|yamasa.org / home / acjs / network / newsletter / - Tuition Tour Schedules Ní thuigim thú|
Things Japanese - Geisha
The word Geisha (literally translated as "a person of the arts") was first used to describe men who entertained the higher classes through a mixture of song, dance and proficiency in a number of arts. By the end of the 17th Century women had taken over the role once carried out by men and the numbers and status of Geisha began to rise.
Due to Japan's social system the role of the "Japanese wife" was to maintain the home and rarely, if ever, participate with men in business or politics. This meant that they could not entertain their husbands' business associates or host any related functions and Geisha therefore became an integral part of business entertainment by serving as gracious hosts at the many ryokan (inns), ryotei (restaurants) and o-chaya (teahouses) where banquet facilities were rented for this purpose.
Geisha begin their careers at a very young age and are first accepted into an o-chaya or okiya where they live throughout their apprenticeship and usually well into their careers. The okiya is a Japanese style house with a banquet room for rent and dormitory type rooms where the maiko (geisha in training) and geisha live. The okiya is owned and managed by an okami (head mistress or guardian) who provides room and board and supervises and pays for the girls' training. The girls in turn contribute to the okiya by doing household chores.
The okami later acts as a manager or agent for the geisha taken a certain amount of money from her appointments. Within the o-chaya and okiya the geisha organize themselves hierarchically with relationships based on the family model (i.e. mother/daughter younger/older sisters). The okami is also in charge of the conduct of all her geishas. Each geisha has a senior elder sister who helps her during her training. In this way the traditional knowledge of the geisha can be past on.
Sometime after entering the okiya, girls between the ages of 15 to 20 are promoted to the rank of maiko. They begin their training in the arts and accompany a geisha from the okiya to her appointments in order to get to know the customers and learn social graces. Maiko dress in long-sleeved kimonos, wear very tall geta (wooden clogs), an elaborate hairstyle and only apply red lipstick to their upper lip. When a maiko turns twenty she decides whether or not she wants to become a geisha and if she does, a ceremony is held called `eriage` which means "changing of the collar". Only women who are at the top of their group and pass a rigorous exam actually become geisha.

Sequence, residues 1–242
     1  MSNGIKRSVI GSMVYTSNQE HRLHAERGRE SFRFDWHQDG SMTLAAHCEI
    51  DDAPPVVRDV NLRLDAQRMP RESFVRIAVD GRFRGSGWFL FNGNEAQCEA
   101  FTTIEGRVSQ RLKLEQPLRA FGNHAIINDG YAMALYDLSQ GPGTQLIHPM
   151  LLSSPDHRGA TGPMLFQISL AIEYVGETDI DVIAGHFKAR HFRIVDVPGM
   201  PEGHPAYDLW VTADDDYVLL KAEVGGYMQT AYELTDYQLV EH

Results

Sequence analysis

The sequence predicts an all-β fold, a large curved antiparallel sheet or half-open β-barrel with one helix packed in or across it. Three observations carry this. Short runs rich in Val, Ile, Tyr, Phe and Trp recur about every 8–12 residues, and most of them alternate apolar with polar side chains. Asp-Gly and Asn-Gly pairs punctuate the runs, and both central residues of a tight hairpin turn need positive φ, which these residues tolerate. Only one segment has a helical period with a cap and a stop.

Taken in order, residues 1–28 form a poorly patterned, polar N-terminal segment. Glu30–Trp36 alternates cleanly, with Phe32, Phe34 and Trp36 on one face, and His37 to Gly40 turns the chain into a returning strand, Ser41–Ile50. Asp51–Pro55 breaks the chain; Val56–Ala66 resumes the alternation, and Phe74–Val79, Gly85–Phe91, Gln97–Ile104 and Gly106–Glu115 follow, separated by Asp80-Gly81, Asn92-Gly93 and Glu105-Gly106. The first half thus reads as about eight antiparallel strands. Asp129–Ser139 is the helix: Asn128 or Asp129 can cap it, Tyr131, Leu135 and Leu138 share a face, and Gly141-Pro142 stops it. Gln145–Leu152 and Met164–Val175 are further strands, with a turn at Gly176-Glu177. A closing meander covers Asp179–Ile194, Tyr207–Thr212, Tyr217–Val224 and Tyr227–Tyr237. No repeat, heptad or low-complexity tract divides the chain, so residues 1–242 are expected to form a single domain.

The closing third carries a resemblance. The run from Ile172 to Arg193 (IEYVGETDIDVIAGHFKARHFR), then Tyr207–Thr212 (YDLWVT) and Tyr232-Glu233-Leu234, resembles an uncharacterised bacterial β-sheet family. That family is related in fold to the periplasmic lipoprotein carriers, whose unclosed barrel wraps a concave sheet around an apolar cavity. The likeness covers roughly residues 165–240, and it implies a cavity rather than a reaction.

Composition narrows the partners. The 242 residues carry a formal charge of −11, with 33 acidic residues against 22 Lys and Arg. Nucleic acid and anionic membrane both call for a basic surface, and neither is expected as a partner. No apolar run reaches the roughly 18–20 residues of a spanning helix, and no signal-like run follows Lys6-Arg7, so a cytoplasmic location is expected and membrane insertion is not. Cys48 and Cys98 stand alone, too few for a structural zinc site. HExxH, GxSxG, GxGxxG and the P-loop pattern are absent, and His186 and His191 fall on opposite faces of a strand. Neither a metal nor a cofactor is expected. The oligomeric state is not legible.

Since there aren't many people who want to endure the hard training necessary to become a geisha, the number of geisha is decreasing. Young girls who wish to become a geisha are usually introduced to an o-chaya through someone who has a connection to the teahouse. The okami will interview the girl with her parents, explaining the training and what is expected of her. If the okami accepts the girl as an apprentice to her o-chaya, the girl can begin her training immediately and live in the o-chaya if she has graduated from a middle school.
During the 1940s, geisha entertainment was outlawed and many were forced into factory and industry labor. The late 1970s saw geisha numbers drop to around 17,000. Today they number fewer than a thousand and are found mainly in Osaka and Kyoto.
In Kyoto there is a district called Gion which was famous for its geisha and is still popular today. In Tokyo, the best known geisha districts are located in Shimbashi, Akasaka and Yanagibashi. Today, the procedure for hiring a geisha is relatively unchanged since its beginnings. When someone wishes to have geisha or maiko host a party, they either contact the okami directly or ask for a referral from the owner of the o-chaya, ryokan or ryotei. The request then goes through a management office called a yakata which is also responsible for billing the client. This system is based on trust and reputation and clients are usually invoiced at a later date and not on the night of the function. The cost of hiring a geisha is very high and is based on her experience and expertise. Clients are billed per person attending the function which averages between 12,000 to 25,000 Yen for a two hour appointment.
Unless you are referred by someone who is already a customer of a o-chaya, you aren't allowed to enter an o-chaya. O-chaya are very exclusive places. Usually, the charge for the service is billed to the customer from the o-chaya later, so, it's important for the o-chaya to have a trusting relationship with customers. O-chaya don't do business with a newcomer without the proper referral. However, many well-known restaurants and Japanese inns in Kyoto have some kinds of connection to an o-chaya, so you can request them to send geisha women to your party.
One of the most famous books written about
Geisha is "Memoirs of a Geisha". The woman who inspired the best-selling novel
is currently suing the author, claiming he damaged her
reputation by claiming that she said she was sold into the hidden world of Kyoto's infamous
district as a child. At the height of her career in the 1970s, she was
known as a geiko, a geisha who came along once in a century, and was sought out
at tea ceremonies by leading politicians and businessmen. One of her patrons was
Akio Morita, a chairman of Sony. Now 50, the former geisha - she retired in 1980
- lives in a suburb of Kyoto with her husband Jin, an artist, and her
|C O M M U N I T Y M E M B E R S|
© 2013 The Yamasa Institute. All rights reserved.